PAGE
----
Series: (C-95), 2005, pp.43-58
Practical significance of deep studies of the Carpathian Conductivity Anomaly (CCA) depends on resolving what is its origin. Up to the last time, the nature of high conductivity of the object has been explained as being due to the influence of temperature and the presence of a fluid. A possible explanation of the CCA origin on account of the presence of electronically conductive graphite and sulphide-bearing rocks is proposed in this paper. We discuss electromagnetic evidences of the anomaly, its geological and tectonic position, geothermal field, electrical properties, distribution of the electron-conducting rocks, and some geodynamical aspects.
Line currents as a means of displaying induction arrow information and preparing 3D modeling
Series: (C-95), 2005, pp.59-62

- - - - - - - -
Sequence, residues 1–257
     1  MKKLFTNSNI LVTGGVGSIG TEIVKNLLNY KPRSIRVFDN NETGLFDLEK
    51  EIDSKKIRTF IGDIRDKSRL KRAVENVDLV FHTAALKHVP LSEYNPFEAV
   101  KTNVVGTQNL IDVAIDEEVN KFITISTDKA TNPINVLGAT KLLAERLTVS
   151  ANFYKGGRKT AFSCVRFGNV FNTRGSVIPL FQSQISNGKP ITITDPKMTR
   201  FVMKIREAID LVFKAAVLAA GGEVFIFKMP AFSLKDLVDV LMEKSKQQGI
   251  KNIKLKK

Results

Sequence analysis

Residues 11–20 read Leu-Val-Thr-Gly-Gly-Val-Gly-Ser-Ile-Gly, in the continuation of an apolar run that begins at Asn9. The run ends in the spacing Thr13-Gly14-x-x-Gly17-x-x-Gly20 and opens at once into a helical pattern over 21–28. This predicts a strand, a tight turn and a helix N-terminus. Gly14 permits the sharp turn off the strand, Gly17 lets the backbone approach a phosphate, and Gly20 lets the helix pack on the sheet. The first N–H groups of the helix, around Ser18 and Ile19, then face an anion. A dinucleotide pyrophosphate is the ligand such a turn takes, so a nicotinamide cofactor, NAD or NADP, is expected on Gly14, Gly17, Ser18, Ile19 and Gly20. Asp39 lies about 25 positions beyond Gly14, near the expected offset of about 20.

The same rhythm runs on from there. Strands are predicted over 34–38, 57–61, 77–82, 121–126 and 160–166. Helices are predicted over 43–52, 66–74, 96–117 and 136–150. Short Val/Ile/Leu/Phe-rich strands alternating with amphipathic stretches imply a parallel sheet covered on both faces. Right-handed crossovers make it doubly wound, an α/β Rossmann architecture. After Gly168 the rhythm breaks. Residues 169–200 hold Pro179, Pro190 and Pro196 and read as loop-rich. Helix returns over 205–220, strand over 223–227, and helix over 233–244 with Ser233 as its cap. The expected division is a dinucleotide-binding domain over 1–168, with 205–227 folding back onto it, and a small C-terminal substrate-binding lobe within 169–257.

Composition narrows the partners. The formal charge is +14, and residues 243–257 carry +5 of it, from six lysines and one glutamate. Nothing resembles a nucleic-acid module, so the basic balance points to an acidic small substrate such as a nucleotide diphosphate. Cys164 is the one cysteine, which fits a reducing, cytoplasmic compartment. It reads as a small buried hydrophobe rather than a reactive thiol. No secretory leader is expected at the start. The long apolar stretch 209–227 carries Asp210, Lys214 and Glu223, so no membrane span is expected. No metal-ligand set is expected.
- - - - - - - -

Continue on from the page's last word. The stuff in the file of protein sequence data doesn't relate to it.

Anomalies of the Earth's electrical conductivity are usually imaged via induction arrows, for example on a map. Such images are very instructive indeed in the case of one elongated, well-conducting anomaly, since real induction arrows, indicating the horizontal direction where the vertical magnetic field caused by the anomaly is maximal, simply point away from the good conductor (if Wiese's convection is used).
Estimation of the deep geoelectrical structure beneath TESZ in NW Poland
Series: (C-95), 2005, pp.63-65
In autumn of 2002 the first deep MT soundings have been carried out in the framework of the international project EMTESZ. Profiles of this project are situated not far from the seismic profile P2. The seismic method detected anomalously low velocities at depths of 10-20 km, the reason of which is unknown. Several years earlier, seismic tomography results had shown that an abrupt change of the S-wave velocity values coincides with the margin of the EEC.The recent study of the heat flows has shown that beneath the Pomeranian segment of TESZ, down to 200-km depth, the temperature is relatively low. The Geophysical Research Enterprise in Warsaw performed many magnetotelluric soundings and, in particular, a profile in this area and the estimates were that the sediment conductance reaches 3-5 kS.